Address by President Nelson Mandela to the Provincial Synod of the Moravian Church in South Africa, Port Elizabeth

10 July 1998

Bishops, Brothers and Sisters;
Members of the Synod and Visitors to the Synod,

Allow me to thank you most sincerely for inviting me to be with you on this occasion. It has a special meaning for me, because as you will know, I decided in 1995 to rename my official residence in Cape Town after Genadendal, where the first Moravian mission in South Africa, was established.

Wat my so diep beindruk het in verband met die geskiedenis van Genadendal is hoedat dit in die donkerte van daardie tydperk van ont-eiening en verarming van ons mense, 'n ligpunt van hoop en ontwikkeling was

Op 'n tyd toe die geskiedenis van ons land 'n heel ander koers ingeslaan het, was Genadendal 'n baken van wat moontlik was indien elkeen as gelyke in die aangesig van God aanvaar is. Met die klem op opvoeding en onderwys, die ontwikkeling van ekonomiese vaardighede en die algemene geestelike wen materiele ontwikkeling van gemeenskappe, was Genadendal 'n baie vroee voorloper van 'n heropbou en ontwikkelingsprogram.

Ek weet dat wat op Genadendal bereik is, besiel is deur die visie en toewyding van die Morawiese kerk. Daarom is dit vir my, as inwoner van daardie ander Genadendal, so 'n besondere voorreg om hier by u Provinsiale Sinode te kan wees.

I also know that apart from the importance of this Synod itself, you have just marked the 261st anniversary of the Moravian Church in South Africa. You can look back with pride on over two and half centuries of contributing to the development of our people, both spiritual and social. In more recent times, too, the Moravian Church played an important role in the struggle against apartheid.

As a product of a mission education myself, I know personally how important the churches have been in a country where the government took no responsibility for the education of the majority of the population.

All of us know, too, that the noble values which are strengthened by such an education, the principles of justice, mutual respect and tolerance, do not become a part of our social reality without struggle.

It was perhaps inevitable that even a church such as yours would experience the separation amongst its members that our country's history brought everywhere and in every sphere of life.

It was also natural that when the Moravian church decided a few years ago to become one church again it would also have to overcome the effects of many years of indoctrination and enforced separation.

It requires much hard work and respect for each other to turn the variety of language and culture in our country into the source of strength that it really is, rather than an instrument for creating division and mistrust that apartheid made it.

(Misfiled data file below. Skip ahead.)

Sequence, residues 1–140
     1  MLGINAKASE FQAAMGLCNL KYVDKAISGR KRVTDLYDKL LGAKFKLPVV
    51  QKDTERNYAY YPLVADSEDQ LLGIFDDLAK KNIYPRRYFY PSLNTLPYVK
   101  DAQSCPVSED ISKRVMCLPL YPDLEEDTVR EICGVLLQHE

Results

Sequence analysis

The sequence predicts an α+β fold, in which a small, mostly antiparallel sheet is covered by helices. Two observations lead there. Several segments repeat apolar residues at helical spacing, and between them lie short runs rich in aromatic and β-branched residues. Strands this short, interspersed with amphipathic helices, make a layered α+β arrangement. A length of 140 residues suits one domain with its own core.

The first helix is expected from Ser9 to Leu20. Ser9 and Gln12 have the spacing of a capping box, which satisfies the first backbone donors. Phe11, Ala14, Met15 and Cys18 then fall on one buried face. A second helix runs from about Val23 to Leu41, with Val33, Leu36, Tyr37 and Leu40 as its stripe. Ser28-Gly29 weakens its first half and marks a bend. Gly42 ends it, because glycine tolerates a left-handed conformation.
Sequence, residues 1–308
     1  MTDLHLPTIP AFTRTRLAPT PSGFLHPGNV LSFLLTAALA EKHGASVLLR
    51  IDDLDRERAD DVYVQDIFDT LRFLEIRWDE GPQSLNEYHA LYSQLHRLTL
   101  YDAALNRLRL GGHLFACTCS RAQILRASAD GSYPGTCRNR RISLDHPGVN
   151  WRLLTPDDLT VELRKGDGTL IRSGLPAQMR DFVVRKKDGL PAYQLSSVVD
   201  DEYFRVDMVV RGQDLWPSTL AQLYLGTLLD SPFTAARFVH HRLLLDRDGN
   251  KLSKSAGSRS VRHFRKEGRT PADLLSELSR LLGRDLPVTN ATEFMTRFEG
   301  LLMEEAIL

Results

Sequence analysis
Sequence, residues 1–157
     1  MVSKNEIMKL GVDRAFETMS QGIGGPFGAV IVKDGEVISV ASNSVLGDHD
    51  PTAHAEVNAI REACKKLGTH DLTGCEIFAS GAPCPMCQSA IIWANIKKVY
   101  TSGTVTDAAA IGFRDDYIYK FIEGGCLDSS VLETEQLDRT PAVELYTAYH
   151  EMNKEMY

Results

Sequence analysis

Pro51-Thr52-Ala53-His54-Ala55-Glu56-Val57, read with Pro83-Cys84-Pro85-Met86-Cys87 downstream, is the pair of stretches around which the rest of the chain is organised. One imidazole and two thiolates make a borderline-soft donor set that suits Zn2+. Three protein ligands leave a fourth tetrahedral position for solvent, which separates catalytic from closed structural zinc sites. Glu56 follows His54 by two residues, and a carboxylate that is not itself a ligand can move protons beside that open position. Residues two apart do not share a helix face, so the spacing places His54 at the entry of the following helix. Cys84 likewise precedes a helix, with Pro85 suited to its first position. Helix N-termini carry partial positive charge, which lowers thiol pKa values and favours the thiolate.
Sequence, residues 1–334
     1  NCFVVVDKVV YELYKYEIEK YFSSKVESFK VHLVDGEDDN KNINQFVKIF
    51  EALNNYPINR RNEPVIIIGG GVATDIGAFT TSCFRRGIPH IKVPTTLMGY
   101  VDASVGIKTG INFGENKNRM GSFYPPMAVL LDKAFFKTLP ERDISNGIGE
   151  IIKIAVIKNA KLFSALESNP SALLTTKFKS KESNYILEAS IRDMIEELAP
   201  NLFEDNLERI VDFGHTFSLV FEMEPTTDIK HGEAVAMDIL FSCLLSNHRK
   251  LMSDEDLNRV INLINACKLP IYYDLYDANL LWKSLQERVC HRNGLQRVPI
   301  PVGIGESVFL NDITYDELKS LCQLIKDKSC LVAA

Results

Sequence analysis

It is therefore a particular joy to learn that you have just accepted and adopted a new constitution, entrenching and protecting the unity of the church.

South Africa has seized the chance that freedom brings to begin building a better life for all its people. Such a process brings a fundamental social and political transformation that is bound to awaken anxieties and concerns in all our communities, whether it be African, Coloured, Indian or White.

We appreciate the concerted efforts your church to overcome within your own body the divides that our social and political past created. It is a practical and valued contribution to nation-building, and strengthens us for the even greater tasks of today and tomorrow.

Inkolo idlale indima enkulu ekukhuseleni isidima sethu ngexesha lengcinezelo nongcikivo, kuba isigcine sinombono welizwe elitsha elinobulungisa. Namhlanje, inkululeko isiphathele ithuba lokuba umbono wethu welo lizwe siwuphumeze, kungoko sijonge ukuba amaziko enkolo mawadlale indima ekhokelayo esisa ekuphumezeni loo mbono.

Limfuno zabantu bethu zandile kwaye iminqweno nenjongo zethu sililizwe ayinakuze ifezwa ngurhulumente eyedwa. Sijongene nomtyholi ofumene ithuba lokwakha indlwana yakhe kanomyayi ngelithuba thina besixakekile sisilwa ingcinezelo. Ubundlobongela, urwaphilizo, nezinya izenzo zondlandlathekiso ziluxanduva Iwethu Sonke.

As I said: religion helped us as a people to keep alive the vision of a better society. Today it is called upon to help realise that vision in practice. It has a particular role to play as a partner in rebuilding the morality of our society.

The moravian passion for welfare work, the profound understanding of the importance of education and training, and the dedication to spiritual and social development are invaluable assets as we face these challenges.

We take inspiration from the fact that the Synod's theme is "A New Beginning". It tells us that our nation does have a tried and trusted partner in our efforts to turn South Africa in to the country of our dreams.

President and Members of the Synod,

It has been a great privilege to be with you today.

We wish you strength and every success in your work in the future.

I thank you.

Issued by: Office of the President

Source: South African Government Information Website